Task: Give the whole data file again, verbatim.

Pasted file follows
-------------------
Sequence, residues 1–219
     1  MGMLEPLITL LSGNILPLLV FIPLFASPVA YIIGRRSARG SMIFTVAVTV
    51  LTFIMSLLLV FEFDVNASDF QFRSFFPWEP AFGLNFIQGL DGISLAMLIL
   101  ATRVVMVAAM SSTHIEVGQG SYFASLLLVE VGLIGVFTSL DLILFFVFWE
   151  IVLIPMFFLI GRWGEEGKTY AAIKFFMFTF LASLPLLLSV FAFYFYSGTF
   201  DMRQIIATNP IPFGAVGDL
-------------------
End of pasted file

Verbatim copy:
Sequence, residues 1–219
     1  MGMLEPLITL LSGNILPLLV FIPLFASPVA YIIGRRSARG SMIFTVAVTV
    51  LTFIMSLLLV FEFDVNASDF QFRSFFPWEP AFGLNFIQGL DGISLAMLIL
   101  ATRVVMVAAM SSTHIEVGQG SYFASLLLVE VGLIGVFTSL DLILFFVFWE
   151  IVLIPMFFLI GRWGEEGKTY AAIKFFMFTF LASLPLLLSV FAFYFYSGTF
   201  DMRQIIATNP IPFGAVGDL